The 30 Degree Rule

The 30 degree rule

The 30 degree rule is a basic rule in filmmaking that simply states that when you cut to a different shot you should move the camera by an angle of more than 30 degrees.  This is because if you move it less than 30 degrees it will feel like the camera is jerking and puts too much focus on the camera instead of what’s going on in the scene, ultimately disconnecting your audience from the story.  For example, imagine you are watching a movie and the actor is speaking to someone off camera, then the camera cuts to the same actor but the angle is just a few degrees different from the previous shot.  It’ll look like a mistake and probably annoy your audience which is never a good thing.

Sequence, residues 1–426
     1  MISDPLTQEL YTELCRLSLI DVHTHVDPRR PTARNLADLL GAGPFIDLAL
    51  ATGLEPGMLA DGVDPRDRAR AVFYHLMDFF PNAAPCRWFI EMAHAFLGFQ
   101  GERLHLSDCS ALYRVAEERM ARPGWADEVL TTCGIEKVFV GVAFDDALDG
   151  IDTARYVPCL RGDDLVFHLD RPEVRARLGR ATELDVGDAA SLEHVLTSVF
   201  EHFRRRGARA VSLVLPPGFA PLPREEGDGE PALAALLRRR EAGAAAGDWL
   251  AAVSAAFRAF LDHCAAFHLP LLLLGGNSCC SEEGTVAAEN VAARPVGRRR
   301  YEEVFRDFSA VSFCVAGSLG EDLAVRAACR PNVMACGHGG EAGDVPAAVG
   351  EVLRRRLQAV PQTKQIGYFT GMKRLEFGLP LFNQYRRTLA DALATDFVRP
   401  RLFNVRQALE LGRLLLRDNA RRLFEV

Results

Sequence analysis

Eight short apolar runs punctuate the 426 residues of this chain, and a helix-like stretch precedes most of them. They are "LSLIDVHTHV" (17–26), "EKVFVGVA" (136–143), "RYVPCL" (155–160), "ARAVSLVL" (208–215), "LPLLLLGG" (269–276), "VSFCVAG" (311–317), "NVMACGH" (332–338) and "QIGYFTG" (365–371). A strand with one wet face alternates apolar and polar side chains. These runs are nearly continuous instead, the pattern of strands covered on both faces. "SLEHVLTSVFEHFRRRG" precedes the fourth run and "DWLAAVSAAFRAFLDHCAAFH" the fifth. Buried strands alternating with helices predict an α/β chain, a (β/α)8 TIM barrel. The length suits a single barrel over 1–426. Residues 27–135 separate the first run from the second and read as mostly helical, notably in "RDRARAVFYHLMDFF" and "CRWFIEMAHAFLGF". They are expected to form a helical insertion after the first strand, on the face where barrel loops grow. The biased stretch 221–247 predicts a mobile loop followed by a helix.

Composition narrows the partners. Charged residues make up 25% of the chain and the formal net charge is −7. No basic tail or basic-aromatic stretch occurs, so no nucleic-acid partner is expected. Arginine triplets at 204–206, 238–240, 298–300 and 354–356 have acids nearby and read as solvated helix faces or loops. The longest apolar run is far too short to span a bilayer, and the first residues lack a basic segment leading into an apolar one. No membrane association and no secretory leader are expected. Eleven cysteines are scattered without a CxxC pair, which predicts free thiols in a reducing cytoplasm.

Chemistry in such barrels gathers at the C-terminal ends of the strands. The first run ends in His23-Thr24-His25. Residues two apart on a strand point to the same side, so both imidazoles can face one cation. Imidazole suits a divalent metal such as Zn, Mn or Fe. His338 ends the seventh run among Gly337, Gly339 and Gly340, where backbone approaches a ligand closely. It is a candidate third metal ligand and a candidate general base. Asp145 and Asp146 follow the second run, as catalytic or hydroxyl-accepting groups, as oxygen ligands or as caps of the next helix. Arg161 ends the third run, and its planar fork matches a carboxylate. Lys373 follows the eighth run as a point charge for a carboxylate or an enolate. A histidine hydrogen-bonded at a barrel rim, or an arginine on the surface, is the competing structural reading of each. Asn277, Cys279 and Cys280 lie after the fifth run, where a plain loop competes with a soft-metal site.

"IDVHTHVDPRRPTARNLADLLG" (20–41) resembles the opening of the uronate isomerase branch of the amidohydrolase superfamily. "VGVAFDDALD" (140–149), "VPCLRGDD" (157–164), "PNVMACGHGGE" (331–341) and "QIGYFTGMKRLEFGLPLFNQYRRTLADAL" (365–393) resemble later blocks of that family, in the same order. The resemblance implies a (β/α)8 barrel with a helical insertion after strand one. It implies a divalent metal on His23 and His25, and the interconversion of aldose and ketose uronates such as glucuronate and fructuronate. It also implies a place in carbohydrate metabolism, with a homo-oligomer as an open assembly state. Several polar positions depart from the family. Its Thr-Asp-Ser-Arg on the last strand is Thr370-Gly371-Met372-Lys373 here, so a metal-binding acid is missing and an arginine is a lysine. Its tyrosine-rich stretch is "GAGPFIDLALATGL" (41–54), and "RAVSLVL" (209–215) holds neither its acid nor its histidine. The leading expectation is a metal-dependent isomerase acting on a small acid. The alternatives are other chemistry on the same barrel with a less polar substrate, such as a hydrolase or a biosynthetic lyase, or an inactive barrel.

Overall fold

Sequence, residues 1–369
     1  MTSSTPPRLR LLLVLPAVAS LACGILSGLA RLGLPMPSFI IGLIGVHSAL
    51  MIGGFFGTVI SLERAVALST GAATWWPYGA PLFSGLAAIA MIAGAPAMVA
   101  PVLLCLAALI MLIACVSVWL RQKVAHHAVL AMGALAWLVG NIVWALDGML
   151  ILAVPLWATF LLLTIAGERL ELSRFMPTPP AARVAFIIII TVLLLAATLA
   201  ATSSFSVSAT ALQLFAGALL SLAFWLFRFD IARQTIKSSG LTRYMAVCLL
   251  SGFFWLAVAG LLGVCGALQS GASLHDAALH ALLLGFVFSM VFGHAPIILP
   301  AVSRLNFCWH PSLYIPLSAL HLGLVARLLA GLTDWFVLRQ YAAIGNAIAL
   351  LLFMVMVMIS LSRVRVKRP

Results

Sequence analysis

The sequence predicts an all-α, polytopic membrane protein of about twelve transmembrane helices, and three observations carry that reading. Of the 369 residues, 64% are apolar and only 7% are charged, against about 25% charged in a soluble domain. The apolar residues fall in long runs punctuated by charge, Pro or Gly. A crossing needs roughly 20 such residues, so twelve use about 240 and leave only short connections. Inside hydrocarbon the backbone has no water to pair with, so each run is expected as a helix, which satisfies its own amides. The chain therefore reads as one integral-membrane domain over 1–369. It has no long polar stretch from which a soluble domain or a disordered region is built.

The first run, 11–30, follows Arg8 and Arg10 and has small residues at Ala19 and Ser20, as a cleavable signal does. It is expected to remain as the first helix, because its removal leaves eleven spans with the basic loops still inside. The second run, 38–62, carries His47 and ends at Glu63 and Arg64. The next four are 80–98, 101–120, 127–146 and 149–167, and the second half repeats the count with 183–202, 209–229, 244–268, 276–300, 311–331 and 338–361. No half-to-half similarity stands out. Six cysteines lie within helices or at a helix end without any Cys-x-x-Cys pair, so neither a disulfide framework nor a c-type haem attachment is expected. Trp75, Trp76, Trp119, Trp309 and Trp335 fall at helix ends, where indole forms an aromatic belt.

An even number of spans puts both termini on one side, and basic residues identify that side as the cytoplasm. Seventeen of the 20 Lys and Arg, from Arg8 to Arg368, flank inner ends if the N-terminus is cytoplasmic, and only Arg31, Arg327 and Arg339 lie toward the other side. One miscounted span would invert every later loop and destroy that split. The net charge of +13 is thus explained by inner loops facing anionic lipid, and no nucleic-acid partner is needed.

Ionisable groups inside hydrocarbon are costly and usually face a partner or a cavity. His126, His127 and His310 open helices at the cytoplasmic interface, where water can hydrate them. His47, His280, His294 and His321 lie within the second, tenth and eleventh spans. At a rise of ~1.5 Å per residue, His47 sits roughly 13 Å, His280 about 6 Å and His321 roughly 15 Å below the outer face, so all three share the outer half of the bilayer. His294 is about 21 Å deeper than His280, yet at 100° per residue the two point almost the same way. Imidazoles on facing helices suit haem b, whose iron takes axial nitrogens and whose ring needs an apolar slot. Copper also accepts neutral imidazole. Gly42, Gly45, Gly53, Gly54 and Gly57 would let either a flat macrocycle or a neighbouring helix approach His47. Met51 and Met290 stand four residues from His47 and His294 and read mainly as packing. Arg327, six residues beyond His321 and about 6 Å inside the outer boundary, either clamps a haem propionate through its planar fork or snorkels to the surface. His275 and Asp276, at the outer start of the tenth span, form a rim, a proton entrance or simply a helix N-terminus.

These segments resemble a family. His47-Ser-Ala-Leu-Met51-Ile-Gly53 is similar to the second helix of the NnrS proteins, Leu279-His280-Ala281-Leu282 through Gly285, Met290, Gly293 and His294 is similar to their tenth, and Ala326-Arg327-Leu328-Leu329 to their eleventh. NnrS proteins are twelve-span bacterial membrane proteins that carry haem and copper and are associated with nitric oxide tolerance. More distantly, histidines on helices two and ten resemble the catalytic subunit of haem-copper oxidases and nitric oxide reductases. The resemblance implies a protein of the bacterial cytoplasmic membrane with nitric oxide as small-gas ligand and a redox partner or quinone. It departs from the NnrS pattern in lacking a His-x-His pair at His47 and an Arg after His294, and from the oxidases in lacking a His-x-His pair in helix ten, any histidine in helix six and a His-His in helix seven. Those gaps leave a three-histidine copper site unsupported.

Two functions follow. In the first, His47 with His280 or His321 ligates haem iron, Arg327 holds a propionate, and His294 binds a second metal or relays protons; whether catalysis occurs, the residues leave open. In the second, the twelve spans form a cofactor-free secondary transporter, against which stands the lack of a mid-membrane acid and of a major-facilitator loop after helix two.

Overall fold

Often in a scene, where there is dialog the camera would cut from one actor to another and even change the location sometimes.  Fr example, it may start with a front shot of the actor, then switch to a side or back shot the next time the actor is in a scene.  Also, make sure  you keep your shooting style consistent.

The short video below from the International Academy of Film and Television gives a nice description of the 30 degree rule and describing why it’s one of the fundamental rules of filmmaking.